Stability over checks

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Stability over checks

Korean voters who chose to replace the five-year presidential power in March have also opted to change the majority in municipal governments and councils through the local elections on Wednesday. The People Power Party (PPP) won by a narrow margin of 0.73 percentage points in the March 9 presidential election. In the local elections, however, the PPP gained a clear-cut victory.

The PPP secured 12 out of 17 gubernatorial and large mayoral titles, compared with its pitiful two wins in the local elections four years ago. The party has extended a winning streak since the by-election last year after its crushing defeats from 2016 to 2020.

Voters have decided to back the new Yoon Suk-yeol government rather than checking it. “If the presidential election was the first round in the contest for a change in the governing power, the local elections were a second round,” said Kwon Seong-dong, PPP floor leader.

President Yoon may have sighed a relief after the controversy over his hasty relocation of the presidential office and stumbles in appointments for top positions in his government. But the PPP should not become overly confident. Many of Democratic Party (DP) supporters are believed to have decided not to vote this time due to their frustration about DP candidates. Public sentiment could change upon the performance of the new government.

The PPP accepted criticism over appointments and acted out its promise for unity by attending the May 18 Gwangju Democratization Movement memorial service. But it must continue with efforts for cooperation as the DP remains a majority in the legislature.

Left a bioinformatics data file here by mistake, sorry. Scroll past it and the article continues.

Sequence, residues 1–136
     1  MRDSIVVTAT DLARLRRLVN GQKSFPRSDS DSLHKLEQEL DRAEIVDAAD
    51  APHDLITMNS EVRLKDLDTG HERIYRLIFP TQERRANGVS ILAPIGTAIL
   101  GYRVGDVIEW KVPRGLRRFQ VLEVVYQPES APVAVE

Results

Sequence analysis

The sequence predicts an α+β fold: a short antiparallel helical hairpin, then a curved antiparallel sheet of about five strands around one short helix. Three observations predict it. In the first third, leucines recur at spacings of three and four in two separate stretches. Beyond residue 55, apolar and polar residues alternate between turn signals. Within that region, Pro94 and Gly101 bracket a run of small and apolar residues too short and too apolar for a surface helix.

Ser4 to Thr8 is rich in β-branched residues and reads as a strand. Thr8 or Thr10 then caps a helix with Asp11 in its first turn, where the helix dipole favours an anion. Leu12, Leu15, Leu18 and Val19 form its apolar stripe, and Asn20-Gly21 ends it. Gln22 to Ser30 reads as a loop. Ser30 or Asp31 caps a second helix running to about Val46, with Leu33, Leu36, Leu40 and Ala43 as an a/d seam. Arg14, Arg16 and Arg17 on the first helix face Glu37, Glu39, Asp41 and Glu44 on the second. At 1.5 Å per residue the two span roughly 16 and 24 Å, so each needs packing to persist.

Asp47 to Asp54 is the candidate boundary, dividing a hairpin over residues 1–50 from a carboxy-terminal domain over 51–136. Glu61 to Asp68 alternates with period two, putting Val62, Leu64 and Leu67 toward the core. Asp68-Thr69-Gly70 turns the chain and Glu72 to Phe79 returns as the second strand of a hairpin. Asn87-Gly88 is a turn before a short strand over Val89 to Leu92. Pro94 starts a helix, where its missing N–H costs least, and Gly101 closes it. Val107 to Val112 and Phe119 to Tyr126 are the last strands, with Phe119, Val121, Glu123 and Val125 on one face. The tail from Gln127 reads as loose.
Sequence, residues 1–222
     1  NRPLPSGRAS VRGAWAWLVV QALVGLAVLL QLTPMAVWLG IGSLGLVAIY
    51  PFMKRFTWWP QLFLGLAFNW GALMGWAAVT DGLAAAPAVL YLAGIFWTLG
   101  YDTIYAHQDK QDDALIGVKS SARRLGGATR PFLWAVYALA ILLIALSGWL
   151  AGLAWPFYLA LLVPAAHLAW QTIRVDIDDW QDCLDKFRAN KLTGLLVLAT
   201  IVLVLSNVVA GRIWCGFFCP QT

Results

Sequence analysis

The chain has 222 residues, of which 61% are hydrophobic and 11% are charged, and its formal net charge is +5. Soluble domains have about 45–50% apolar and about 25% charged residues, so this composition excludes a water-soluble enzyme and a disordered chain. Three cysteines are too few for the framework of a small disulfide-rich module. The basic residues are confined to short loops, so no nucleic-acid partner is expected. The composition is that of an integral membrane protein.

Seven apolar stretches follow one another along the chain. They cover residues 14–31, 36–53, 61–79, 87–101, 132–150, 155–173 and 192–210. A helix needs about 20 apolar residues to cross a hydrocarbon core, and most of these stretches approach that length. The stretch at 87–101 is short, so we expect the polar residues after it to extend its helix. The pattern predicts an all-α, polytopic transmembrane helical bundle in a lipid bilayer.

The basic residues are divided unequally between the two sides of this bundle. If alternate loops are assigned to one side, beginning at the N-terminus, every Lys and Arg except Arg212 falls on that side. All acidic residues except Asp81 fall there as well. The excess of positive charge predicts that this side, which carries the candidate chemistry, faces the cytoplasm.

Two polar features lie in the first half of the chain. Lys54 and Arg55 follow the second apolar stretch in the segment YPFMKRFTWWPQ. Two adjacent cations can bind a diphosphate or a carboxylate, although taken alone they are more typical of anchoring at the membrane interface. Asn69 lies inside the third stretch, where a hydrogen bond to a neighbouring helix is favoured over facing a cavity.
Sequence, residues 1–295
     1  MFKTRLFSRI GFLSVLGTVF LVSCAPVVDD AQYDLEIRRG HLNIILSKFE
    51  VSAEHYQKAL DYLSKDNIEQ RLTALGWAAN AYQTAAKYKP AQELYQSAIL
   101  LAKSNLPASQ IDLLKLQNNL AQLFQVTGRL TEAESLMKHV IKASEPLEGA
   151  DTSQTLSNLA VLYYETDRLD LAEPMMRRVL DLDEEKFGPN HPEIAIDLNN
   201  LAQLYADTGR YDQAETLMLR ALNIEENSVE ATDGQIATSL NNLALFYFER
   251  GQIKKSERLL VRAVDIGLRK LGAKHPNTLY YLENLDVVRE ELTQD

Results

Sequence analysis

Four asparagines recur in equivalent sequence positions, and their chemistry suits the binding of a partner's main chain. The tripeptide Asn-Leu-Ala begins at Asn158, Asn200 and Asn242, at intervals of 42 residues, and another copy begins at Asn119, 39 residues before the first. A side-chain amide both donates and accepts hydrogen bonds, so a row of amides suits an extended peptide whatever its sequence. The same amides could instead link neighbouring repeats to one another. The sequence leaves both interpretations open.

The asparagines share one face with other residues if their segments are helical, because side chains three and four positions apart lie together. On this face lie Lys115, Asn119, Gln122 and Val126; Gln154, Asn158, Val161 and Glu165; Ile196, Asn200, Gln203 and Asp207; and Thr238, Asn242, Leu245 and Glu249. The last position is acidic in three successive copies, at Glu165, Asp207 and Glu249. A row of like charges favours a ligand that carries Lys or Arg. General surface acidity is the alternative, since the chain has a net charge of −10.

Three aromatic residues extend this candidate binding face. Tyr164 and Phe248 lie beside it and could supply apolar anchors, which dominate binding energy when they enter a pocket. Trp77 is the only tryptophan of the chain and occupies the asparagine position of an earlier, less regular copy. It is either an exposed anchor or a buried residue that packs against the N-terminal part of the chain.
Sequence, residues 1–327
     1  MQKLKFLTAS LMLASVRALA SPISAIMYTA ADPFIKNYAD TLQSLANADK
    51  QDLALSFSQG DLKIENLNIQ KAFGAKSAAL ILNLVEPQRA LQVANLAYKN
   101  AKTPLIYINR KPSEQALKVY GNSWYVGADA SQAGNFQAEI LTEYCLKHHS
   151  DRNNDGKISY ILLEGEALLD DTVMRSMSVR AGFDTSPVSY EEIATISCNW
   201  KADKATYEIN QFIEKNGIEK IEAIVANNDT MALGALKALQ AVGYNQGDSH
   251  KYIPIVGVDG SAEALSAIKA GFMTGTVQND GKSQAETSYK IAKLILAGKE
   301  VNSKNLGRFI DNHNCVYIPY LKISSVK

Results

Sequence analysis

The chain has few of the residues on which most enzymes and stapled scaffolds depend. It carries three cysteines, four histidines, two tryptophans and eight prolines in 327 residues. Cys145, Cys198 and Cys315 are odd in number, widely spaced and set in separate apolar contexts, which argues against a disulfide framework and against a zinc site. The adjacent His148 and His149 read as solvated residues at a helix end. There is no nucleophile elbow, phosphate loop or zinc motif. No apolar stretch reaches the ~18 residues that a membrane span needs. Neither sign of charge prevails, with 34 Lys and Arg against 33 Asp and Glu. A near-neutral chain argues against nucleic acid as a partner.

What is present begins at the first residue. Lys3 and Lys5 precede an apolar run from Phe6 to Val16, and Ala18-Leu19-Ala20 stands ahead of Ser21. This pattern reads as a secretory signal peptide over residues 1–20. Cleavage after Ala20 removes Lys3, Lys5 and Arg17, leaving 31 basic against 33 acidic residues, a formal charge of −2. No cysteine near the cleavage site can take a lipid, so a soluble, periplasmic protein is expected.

The DP has been humbled to the state of 10 years ago primarily because of its poor performance. The party comforted itself for its narrow defeat in the past presidential election instead of self-reflection. Shortly after losing the election, Lee Jae-myung dared to run for a legislative seat representing a district in Incheon. That’s not all. The DP pushed forward controversial bills to strip the prosecution of its investigative authority once and for all and entirely ignored its young leader’s plea for reform and retreat of the old school. Key candidates also stoked unnecessary controversy by pledging to relocate Gimpo Airport. It must painstakingly reform itself and restrain from domineering the legislature.

Both of the rivaling parties must try to win back public confidence for two years until the next parliamentary election in 2024. They must contest on future vision and address overdue issues of pension reforms, education, welfare, labor, and corporate regulations.

The campaign over local elections looked more of an extension of the presidential election. That’s not good. The election system on education superintendents also needs to be improved because the race has turned more political.
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